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Financial Totals Section

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New Financial Totals Section

We have added a new section of the Cultural Data Profile (CDP) for audited organizations to ensure the accuracy of financial totals in the CDP. This new Financial Totals section will appear at the beginning of the data entry process, and audited organizations will input key totals directly from their audit or review. It will include revenue totals, expense totals, and balance sheet totals. At the end of each subsequent financial section, the system will check to ensure that the detailed financial data matches the key totals entered in the initial Financial Totals section.

The Financial Totals section will only appear for audited or reviewed organizations. If you are an audited organization with an in progress CDP, and the Financial Totals section does not appear, click on the "Survey Settings" tab in the navigation and the button to "Rerun Survey Wizard". Confirm that you would like to run the profile wizard, and then click "Continue to Survey" at the bottom of the page. When the profile appears again it will include the Financial Totals section. 

For additional information, please see this recorded webinar. Our Support Center will also continue to be available and ready to assist you if you encounter errors in the Financial Totals section.

An Experiment

When we re-launched the Cultural Data Profile (CDP) on our new DataArts platform in 2016, one of our main goals was to reduce the amount of time it takes for arts and cultural organizations to complete their data entry. We made a variety of changes to reach that goal, which included eliminating questions about the full time equivalency (FTE) for independent contractors, reducing the number of expense line items, and removing the detailed list of government revenue sources.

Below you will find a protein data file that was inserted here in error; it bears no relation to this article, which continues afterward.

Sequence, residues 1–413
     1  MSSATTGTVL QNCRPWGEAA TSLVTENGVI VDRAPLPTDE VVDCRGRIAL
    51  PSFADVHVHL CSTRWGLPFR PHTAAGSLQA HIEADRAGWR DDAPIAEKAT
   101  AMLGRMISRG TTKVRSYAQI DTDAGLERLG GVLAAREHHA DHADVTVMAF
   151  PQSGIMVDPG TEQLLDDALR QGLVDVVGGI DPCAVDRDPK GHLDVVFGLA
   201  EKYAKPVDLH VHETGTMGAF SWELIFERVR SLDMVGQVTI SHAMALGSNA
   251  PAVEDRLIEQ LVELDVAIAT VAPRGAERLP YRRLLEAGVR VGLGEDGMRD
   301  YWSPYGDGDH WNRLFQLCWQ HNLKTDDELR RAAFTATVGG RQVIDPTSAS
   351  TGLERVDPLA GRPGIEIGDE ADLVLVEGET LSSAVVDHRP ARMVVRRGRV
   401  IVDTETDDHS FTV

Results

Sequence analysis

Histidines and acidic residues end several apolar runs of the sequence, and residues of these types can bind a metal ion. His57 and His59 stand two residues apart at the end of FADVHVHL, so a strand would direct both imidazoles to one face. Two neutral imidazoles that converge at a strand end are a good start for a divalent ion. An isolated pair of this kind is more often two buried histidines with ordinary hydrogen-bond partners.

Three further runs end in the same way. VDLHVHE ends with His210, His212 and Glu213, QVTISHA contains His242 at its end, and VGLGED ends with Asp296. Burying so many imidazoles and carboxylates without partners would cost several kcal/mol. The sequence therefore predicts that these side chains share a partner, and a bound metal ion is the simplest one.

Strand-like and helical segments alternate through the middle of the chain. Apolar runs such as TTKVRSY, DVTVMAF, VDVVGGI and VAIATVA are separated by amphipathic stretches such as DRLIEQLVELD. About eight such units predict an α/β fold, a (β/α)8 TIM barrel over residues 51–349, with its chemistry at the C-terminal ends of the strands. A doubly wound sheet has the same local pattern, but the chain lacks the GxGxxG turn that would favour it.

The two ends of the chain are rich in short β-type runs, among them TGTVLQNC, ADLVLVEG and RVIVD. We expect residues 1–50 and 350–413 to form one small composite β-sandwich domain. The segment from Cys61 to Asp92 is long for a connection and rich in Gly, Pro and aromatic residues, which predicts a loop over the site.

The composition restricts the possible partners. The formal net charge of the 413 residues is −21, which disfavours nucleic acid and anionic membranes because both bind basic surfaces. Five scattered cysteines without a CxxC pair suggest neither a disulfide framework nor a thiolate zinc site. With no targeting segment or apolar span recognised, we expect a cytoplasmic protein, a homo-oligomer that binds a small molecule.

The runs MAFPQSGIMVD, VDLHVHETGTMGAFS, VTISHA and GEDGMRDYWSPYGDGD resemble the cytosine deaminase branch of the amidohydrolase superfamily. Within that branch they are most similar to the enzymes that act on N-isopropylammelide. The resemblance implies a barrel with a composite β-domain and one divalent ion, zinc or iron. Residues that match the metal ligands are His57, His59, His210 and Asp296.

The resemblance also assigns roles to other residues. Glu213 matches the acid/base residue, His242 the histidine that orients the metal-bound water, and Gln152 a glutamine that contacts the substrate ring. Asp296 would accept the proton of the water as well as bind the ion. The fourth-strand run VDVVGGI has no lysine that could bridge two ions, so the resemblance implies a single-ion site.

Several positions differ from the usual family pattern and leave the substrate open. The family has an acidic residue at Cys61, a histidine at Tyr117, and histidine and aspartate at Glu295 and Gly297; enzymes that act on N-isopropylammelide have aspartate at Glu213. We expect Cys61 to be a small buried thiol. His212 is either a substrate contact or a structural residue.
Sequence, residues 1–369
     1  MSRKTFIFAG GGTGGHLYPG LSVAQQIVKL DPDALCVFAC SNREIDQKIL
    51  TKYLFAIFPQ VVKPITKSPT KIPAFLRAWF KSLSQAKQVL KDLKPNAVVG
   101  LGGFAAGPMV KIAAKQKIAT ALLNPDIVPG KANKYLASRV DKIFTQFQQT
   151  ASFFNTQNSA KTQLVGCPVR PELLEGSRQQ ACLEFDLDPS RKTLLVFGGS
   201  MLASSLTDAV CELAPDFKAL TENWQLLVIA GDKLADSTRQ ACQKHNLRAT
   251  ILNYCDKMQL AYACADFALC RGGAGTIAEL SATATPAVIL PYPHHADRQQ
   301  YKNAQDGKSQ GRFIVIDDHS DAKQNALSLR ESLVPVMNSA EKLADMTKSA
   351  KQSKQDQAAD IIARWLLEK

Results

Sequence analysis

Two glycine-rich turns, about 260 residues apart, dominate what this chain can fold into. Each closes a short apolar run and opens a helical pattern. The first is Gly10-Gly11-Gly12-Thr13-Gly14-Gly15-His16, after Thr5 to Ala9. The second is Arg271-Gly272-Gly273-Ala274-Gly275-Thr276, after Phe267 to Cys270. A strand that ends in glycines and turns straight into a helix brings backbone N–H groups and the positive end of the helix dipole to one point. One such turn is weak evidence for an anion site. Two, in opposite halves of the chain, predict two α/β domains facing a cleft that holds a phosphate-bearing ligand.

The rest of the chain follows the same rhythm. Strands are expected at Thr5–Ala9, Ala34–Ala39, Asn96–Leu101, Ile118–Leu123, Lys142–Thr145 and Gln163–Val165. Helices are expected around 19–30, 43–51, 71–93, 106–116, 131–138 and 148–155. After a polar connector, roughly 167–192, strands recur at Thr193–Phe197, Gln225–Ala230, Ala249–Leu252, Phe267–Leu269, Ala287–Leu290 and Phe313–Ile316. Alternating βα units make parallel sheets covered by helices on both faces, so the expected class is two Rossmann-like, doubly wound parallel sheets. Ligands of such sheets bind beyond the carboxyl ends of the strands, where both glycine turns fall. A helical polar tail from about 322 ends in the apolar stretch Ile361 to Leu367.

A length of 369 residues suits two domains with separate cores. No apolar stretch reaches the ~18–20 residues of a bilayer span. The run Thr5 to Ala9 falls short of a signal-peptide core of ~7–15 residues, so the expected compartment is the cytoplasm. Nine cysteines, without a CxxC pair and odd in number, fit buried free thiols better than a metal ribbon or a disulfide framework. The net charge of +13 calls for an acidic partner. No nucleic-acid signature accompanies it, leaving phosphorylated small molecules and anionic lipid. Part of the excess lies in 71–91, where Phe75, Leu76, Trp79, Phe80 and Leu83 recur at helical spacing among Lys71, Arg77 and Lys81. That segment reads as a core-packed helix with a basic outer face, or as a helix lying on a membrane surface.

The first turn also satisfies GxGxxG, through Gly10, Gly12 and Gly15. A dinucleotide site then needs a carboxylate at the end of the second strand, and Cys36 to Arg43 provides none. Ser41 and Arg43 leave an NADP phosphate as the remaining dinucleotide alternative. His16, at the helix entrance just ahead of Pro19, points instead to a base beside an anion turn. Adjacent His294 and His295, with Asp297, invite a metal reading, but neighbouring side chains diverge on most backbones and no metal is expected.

We also removed a section of the profile that was designed to check whether our audited users had correctly entered their financial data. This section asked users to enter large totals from their audit, and then once users finished entering their data it would trigger an error if revenue and expense totals did not match audit totals. This feature caught many errors in data entry for our audited users. It also was a pain point for our users because they needed to take time at the end of the data entry process to resolve these errors.

In the original launch of our new platform, we decided to remove the audit verification sheet and replace it with a review section displaying financial totals. Our goal was to encourage users to verify the accuracy of their data without requiring that they do so. In the end the data that organizations enter into the CDP represents their organizations in the grant application process, and it is ultimately up to organizations to ensure that their data is accurate.

Lessons Learned

We have now experienced more than a year of data entry with the new platform and CDP. Many users have reported that it has taken them less time to complete the CDP, and we continue to work on ways to ease the data entry process. However, users have shared with us experiences of finishing data entry and marking their CDP as complete, receiving no errors, and then noticing issues with their financial totals when they created a report for internal use or to deliver to funders. This means that users still have to take time to fix their data, only later in the process. In the worst-case scenario, users are more likely to submit incorrect data to their funders. Reflecting on our decision to remove the audit verification section, we realized that this choice to speed up the data entry process had adversely affected the accuracy of our dataset, which is a negative outcome for all of our partners: arts and cultural organizations, grantmakers, and researchers.

Philosophy of Data Collection

In our role as data collectors, we seek to balance the effort it takes from arts and cultural organizations to provide data with the accuracy needed to ensure that the data is useful. We take very seriously the investment of time on the part of our users, which is why our focus for the last three years has been to ease the burden of data entry. In this case, our attempt to strike a better balance between these two goals had unintended results, and we’ve decided we need to change course to address these issues.



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